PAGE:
Published: 05th June 2018
Indhu Nampoothiri takes us through her story of being a storyteller
The most promising director and writer in Malayalam cinema speaks about the magic of storytelling and her love for film
A storyteller — that's what Indhu Nampoothiri is. And how she got there is another story that she generously relayed through a series of hurried anecdotes that we managed to stuff into our brief meeting. “I tell stories. I am simply someone who is in search of a medium to do this. Stories have always been the way that I relate to myself,” says Indhu, who yearns to find that glint of recognition in her audience, no matter which medium, and use it to spread ideas.
Having worked as an assistant director in movies like Pathemari, Indhu has found that people like her are slowly finding their space within the industry. “There are more opportunities to do this in this age of social media. That’s where people like myself come in. Being an assistant director has opened up a lot of doors, I’m seeping into different media slowly,” she says, adding, “I think cinema is an art that most people develop a love for early on. I was always interested in photography, so I would take pictures of anything I saw. At one point in my life, I started to learn more. I felt this need to represent characters and people that I had met over the years in different ways.”
On the rise: Indhu has won various awards and recognitions for her work
One movie that beckoned to her imagination was Amaram. Directed by Bharathan, the film tells the story of a fisherman who dreams to educate his daughter. “I never knew why it inspired me so much. I have always had a deep love for the sea and that really stayed with me,” she says. “I think this is common for the Doordarshan generation,” she muses, “We used to watch the only programmes available and get mesmerised by it. Almost every Malayalam movie that I’ve seen has inspired me. I would be caught up with the characters of every new movie that I watched. Cinema is such an important medium as you get to write and weave together your story and that is beautiful.”
As soon as she was caught in the magic of it, Indhu discovered that the world of film was not exactly within her reach. She recalls, “There was no link to cinema in our family. I come from a conservative family. So, I always had this fear of how I could possibly make my first plunge into the industry, coming out of nowhere.” But like most people with creativity to spare, it didn’t take long for her to find her ground. In 2009, she joined the Chetana Media Institute in Thrissur. “People always have these dreams about cinema and I had my own far-fetched version. But in Chetana, I met people like me. Deciding to learn something that you genuinely have love for is such an important thing. It was a sudden decision and it definitely paid off,” she says.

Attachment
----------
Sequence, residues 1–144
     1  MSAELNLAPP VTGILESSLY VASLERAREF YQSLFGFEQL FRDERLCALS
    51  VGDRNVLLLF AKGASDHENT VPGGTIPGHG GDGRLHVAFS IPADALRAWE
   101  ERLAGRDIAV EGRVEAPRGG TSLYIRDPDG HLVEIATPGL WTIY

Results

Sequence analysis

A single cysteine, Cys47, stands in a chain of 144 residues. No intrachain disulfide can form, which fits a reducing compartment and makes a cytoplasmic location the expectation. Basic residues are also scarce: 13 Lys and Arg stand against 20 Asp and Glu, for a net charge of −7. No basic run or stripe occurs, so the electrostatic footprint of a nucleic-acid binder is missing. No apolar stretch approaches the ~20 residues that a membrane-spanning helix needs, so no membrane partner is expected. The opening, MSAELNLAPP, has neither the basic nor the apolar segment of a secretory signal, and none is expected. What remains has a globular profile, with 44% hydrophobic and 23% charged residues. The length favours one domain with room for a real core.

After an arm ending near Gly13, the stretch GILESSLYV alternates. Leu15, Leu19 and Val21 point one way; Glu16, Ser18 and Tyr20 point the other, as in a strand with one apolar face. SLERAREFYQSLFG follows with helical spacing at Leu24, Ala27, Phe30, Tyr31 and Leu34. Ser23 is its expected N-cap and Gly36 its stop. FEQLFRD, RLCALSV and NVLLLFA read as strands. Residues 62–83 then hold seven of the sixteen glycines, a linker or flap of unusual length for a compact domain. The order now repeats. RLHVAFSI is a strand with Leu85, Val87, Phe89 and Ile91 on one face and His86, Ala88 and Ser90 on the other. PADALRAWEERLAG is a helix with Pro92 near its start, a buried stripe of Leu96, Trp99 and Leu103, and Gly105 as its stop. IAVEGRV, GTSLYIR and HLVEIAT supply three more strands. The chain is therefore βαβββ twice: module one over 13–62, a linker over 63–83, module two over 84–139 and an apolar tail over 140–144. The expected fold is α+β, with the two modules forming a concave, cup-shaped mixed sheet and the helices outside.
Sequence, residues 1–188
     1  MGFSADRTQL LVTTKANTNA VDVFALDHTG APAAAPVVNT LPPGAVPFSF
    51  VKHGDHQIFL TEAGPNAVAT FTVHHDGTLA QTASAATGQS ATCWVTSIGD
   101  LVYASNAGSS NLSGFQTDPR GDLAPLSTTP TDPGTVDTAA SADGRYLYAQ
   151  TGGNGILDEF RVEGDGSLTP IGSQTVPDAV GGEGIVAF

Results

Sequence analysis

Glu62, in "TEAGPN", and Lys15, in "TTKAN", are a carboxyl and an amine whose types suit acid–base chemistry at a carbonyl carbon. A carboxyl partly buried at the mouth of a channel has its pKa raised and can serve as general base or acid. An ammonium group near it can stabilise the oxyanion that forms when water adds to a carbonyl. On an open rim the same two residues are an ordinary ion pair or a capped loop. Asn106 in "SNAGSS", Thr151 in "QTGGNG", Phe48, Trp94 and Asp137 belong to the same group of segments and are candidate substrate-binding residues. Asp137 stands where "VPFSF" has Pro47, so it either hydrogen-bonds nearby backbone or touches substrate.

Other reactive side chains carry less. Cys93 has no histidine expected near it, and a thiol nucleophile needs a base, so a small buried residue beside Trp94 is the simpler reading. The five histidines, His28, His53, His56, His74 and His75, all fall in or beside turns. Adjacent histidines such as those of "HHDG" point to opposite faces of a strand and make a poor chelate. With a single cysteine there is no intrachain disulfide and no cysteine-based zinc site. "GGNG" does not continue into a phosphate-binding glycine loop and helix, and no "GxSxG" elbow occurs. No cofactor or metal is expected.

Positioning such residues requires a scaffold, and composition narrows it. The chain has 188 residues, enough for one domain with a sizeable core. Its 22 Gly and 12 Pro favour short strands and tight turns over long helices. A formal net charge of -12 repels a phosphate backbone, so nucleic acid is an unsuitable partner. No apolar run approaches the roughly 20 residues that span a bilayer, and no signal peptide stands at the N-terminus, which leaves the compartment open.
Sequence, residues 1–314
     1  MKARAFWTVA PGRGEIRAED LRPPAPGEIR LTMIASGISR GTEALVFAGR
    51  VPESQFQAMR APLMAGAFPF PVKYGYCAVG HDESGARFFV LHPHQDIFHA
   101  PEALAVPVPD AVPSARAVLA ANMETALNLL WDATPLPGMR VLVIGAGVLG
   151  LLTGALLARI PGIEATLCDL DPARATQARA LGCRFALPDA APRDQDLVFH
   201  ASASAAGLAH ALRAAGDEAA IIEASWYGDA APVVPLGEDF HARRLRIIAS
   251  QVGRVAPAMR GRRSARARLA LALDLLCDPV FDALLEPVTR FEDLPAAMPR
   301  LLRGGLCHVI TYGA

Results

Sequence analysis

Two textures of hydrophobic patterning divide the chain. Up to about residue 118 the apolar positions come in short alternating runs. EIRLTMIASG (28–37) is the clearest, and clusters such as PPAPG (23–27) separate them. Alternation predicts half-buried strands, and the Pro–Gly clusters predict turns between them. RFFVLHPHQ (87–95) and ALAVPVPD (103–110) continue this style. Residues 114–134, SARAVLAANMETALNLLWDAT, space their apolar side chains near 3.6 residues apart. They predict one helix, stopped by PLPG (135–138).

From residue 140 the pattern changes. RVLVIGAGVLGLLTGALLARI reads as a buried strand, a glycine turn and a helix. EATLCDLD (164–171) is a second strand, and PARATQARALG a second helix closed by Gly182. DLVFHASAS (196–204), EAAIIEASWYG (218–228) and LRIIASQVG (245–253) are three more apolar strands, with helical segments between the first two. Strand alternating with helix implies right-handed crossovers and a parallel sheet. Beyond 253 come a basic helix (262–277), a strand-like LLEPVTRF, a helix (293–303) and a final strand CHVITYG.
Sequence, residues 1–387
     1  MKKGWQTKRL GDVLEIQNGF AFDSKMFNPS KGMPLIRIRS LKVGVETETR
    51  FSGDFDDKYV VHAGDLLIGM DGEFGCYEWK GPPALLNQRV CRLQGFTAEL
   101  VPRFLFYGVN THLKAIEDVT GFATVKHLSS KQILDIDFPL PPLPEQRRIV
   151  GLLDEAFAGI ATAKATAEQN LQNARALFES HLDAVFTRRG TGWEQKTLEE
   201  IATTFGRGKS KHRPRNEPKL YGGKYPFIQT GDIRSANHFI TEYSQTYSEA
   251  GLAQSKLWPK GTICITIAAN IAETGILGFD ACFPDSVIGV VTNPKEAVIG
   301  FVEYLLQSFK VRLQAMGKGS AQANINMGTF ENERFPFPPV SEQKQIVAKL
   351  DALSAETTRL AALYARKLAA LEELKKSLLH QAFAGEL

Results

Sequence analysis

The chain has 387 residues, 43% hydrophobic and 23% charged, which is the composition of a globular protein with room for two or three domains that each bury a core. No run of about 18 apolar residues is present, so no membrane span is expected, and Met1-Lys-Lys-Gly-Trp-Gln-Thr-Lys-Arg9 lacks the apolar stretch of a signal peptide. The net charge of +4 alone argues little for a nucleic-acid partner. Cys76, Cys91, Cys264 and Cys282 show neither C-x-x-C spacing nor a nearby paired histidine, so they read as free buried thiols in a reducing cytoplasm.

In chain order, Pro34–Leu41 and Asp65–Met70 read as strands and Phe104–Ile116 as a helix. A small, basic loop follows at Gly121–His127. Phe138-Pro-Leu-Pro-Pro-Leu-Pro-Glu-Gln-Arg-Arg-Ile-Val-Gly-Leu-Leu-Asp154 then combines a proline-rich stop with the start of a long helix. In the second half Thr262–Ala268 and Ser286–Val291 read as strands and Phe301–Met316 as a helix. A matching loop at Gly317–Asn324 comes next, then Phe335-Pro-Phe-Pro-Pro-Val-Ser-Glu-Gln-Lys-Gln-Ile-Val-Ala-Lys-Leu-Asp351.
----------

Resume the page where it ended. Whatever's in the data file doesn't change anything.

The best example of how cinema has changed is the female voice. For men, their experiences come easily. But we had to fight for the same thing. Sometimes we fight harder but end up not getting enough recognition. It is changing though. There are more women in the scene and people are changing
Indhu Nampoothiri, Director and Writer
Soon after college, she got the opportunity to work in the film, Adaminte Makan Abu. “The people I met during that period taught me so much about film. Having been a part of a nationally recognised movie that even received Oscar attention was an immense learning experience. That’s when I started to think that maybe I could create something of my own,” says Indhu.
With any form of art, perspective stands at the forefront and Indhu has plenty to offer. She explains, “Whatever you have seen, any of the life experiences that you’ve been through is what builds the stories inside you. Each person you meet and the places you go have everything to do with the tales you spin. It develops a story in you. My perspective grew with me. And as I grew older, I was able to witness life with more clarity. We have to own that place we have in the world and tell it through our stories. For any art form to evolve, different people have to tell their stories. It helps the art survive and in turn, us.”
Recently, Indhu performed at a storyteller’s workshop organised by Mumbai-based artist, Kommune. “I was extremely tensed, but it was such an amazing experience. It was wonderful to see that sort of storytelling come back to Kochi. I was reminded of evenings where families would gather together to share the day’s stories, like a group of friends playing Antakshari. It is a concept that takes away a lot of barriers,” she says. And here, our conversation comes to a halt. But Indhu and her multitude of stories will live on.